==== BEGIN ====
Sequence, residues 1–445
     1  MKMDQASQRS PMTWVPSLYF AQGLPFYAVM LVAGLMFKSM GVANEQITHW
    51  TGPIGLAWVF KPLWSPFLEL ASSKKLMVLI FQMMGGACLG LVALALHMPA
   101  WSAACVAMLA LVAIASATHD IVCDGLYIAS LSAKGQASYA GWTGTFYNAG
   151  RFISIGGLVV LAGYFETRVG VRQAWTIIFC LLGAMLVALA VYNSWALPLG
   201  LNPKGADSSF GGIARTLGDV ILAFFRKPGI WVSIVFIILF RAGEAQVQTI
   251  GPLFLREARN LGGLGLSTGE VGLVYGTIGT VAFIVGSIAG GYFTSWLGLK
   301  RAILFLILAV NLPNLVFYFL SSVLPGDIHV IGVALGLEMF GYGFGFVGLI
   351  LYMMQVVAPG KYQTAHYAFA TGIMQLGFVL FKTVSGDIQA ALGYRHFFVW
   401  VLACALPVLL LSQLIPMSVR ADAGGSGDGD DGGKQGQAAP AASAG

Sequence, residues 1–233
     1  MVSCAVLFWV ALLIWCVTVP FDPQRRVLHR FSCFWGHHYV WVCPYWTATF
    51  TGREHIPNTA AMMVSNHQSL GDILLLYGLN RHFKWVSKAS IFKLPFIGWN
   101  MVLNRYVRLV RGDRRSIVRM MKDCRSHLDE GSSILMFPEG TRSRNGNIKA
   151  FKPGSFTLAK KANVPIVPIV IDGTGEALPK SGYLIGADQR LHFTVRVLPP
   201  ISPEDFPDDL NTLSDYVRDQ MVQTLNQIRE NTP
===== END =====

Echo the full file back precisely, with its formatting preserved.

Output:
Sequence, residues 1–445
     1  MKMDQASQRS PMTWVPSLYF AQGLPFYAVM LVAGLMFKSM GVANEQITHW
    51  TGPIGLAWVF KPLWSPFLEL ASSKKLMVLI FQMMGGACLG LVALALHMPA
   101  WSAACVAMLA LVAIASATHD IVCDGLYIAS LSAKGQASYA GWTGTFYNAG
   151  RFISIGGLVV LAGYFETRVG VRQAWTIIFC LLGAMLVALA VYNSWALPLG
   201  LNPKGADSSF GGIARTLGDV ILAFFRKPGI WVSIVFIILF RAGEAQVQTI
   251  GPLFLREARN LGGLGLSTGE VGLVYGTIGT VAFIVGSIAG GYFTSWLGLK
   301  RAILFLILAV NLPNLVFYFL SSVLPGDIHV IGVALGLEMF GYGFGFVGLI
   351  LYMMQVVAPG KYQTAHYAFA TGIMQLGFVL FKTVSGDIQA ALGYRHFFVW
   401  VLACALPVLL LSQLIPMSVR ADAGGSGDGD DGGKQGQAAP AASAG

Sequence, residues 1–233
     1  MVSCAVLFWV ALLIWCVTVP FDPQRRVLHR FSCFWGHHYV WVCPYWTATF
    51  TGREHIPNTA AMMVSNHQSL GDILLLYGLN RHFKWVSKAS IFKLPFIGWN
   101  MVLNRYVRLV RGDRRSIVRM MKDCRSHLDE GSSILMFPEG TRSRNGNIKA
   151  FKPGSFTLAK KANVPIVPIV IDGTGEALPK SGYLIGADQR LHFTVRVLPP
   201  ISPEDFPDDL NTLSDYVRDQ MVQTLNQIRE NTP